Advancing Precision Medicine with Wearable Healthcare Technology – Now. Powered by Northrop Grumman
In the United States, the annual waste of health care – from failure to provide care to overtreatment – ranged from $ 760 to $ 935 billion, according to Journal of the American Medical Association. But wearable healthcare technology is poised to reverse these trends. New laws that allow physicians to embrace innovations in portable diagnostic and assistive devices could help usher in a new era of precision medicine that cuts medical costs and saves thousands of lives.
âStudies have shown that people using these types of devices are more involved in their own health than those who don’t,â says Michael Wittman, program manager at Northrop Grumman Information Systems in McLean, Virginia.
Fitness trackers are growing
Today’s portable healthcare technology has its origins in old fashioned pedometers who could count the number of steps a person took each day. Activity trackers began to appear in the late 2000s, like bracelets connected wirelessly to a smartphone app. In addition to tracking footsteps, most of these consumer devices were able to detect heart rate, sleep patterns, and flights of stairs. The data they collected was informative, but it was not detailed enough to fuel a medical diagnosis.
Things started to move in 2018. Apple introduced its Series 4 Watch, which had the ability to take an FDA-approved electrocardiogram (ECG) and share it with a doctor. The door to medical diagnostics was opening for wearable healthcare technology, but one detail remained. Even though a doctor could receive medical-grade data, he was unable to bill an insurance company for the related services. The situation would be similar to that of a doctor making a medical recommendation based on the result of an MRI, but not being able to charge for it.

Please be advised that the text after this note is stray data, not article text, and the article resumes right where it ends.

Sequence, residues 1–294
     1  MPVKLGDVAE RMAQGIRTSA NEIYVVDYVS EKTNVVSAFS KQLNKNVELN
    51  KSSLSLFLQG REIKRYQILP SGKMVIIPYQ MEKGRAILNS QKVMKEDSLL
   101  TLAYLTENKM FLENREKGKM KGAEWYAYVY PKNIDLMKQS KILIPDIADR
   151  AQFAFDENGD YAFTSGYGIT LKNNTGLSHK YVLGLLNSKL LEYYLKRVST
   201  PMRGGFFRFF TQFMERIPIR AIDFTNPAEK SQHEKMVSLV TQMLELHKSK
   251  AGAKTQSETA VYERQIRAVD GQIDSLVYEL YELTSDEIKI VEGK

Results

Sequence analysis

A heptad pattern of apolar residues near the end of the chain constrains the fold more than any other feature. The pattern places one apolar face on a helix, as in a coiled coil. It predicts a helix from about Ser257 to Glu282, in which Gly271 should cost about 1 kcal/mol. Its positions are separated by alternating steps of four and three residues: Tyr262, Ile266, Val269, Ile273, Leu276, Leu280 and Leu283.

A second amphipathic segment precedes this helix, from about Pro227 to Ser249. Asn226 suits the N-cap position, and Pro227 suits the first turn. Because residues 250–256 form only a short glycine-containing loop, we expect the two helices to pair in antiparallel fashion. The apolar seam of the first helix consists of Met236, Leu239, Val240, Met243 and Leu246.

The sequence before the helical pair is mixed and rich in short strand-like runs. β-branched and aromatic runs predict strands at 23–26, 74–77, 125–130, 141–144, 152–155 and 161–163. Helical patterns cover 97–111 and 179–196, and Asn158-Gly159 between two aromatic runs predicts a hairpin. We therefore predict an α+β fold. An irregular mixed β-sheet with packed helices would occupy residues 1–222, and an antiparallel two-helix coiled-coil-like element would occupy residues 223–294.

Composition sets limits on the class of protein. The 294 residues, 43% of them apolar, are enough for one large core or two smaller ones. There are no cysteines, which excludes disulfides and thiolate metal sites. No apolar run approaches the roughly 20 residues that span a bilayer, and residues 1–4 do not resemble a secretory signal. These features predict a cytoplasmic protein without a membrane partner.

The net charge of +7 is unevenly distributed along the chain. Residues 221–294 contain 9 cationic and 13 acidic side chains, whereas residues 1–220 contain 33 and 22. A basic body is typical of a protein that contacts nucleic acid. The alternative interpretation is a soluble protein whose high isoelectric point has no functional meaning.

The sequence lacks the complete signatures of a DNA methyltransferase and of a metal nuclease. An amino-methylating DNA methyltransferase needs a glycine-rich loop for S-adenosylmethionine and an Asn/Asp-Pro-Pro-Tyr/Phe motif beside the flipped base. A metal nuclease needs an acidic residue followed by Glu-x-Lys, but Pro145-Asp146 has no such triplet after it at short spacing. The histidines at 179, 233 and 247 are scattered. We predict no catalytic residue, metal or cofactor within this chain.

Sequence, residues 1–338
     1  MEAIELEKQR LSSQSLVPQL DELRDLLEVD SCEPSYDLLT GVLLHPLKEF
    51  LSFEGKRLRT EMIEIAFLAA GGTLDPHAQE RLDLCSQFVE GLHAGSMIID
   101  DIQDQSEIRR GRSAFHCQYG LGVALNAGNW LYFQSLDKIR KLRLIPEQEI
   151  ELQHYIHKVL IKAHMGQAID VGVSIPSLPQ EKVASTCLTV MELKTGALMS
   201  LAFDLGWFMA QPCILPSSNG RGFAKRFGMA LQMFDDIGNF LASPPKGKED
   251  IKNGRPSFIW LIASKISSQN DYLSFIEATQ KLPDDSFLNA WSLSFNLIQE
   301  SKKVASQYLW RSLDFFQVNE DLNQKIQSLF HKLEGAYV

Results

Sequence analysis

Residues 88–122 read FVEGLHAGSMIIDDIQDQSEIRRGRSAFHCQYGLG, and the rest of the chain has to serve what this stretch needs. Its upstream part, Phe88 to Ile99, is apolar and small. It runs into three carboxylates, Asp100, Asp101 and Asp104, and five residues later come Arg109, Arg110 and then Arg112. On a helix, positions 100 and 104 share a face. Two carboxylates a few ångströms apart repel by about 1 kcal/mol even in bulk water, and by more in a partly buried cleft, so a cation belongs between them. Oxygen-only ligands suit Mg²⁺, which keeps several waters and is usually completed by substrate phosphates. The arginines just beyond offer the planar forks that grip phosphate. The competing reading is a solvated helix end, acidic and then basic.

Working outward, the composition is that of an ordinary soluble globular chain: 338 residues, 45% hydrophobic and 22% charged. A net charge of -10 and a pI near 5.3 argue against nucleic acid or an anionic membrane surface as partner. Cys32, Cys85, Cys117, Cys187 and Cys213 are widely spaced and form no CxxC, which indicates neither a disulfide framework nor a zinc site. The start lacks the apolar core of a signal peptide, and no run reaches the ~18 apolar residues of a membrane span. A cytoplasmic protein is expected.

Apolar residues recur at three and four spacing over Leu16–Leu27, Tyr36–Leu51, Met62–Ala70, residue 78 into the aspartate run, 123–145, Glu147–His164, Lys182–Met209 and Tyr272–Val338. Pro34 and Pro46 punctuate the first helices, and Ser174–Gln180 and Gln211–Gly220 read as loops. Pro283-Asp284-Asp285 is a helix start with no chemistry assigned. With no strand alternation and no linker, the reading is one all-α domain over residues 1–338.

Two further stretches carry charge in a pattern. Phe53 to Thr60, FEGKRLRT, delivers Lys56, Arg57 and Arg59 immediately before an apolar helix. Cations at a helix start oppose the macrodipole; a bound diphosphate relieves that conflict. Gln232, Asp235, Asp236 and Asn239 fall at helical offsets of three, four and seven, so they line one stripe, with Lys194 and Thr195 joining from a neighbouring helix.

The Centers for Medicare & Medicaid Services (CMS) saw the problem and passed changes in January 2019, said Pete Ianace, senior vice president of business development at VitalTech in Dallas, Texas. They released a handful of insurance codes that doctors could use to bill Medicare for services related to portable diagnostic and assistive devices.
For example, says Ianace, if a doctor writes a prescription for a patient with a Medicare benefit to wear a health monitoring bracelet, Medicare will pay the doctor $ 65 per month as long as the patient is wearing the device. If the doctor or nurse at that office spends 20 minutes a month reading the data, the doctor can charge $ 54. If the patient sends a photo, for example, of a rash that could be a side effect of a drug, the doctor can charge $ 13. The list is long because from January 2020 CMS is adding more codes.
âToday’s exhausted physician now has the ability to provide remote care, from telehealth to remote monitoring, and essentially add a million dollars in revenue a year to a single practice – and , by the way, to achieve better patient health outcomes, âsays Ianace.
Precision medicine in the making
Wearable medical devices in development not only track activity, including heart rate, steps, and calories burned, but also have sensors that detect vital signs, such as respiratory rate, blood oxygen levels, and irregular heartbeat. Patients at risk, such as the elderly with diabetes, asthma, chronic obstructive pulmonary disease (COPD) and heart irregularities, have a lot to gain from these portable devices. A medical grade gadget can be programmed with a patient’s basic biometric data along with their prescription regimen and automatically send regular updates to a doctor. If a patient’s usual activity or biometric indicators are outside normal ranges, the system can send an alert to a phone application owned by the patient or a family member.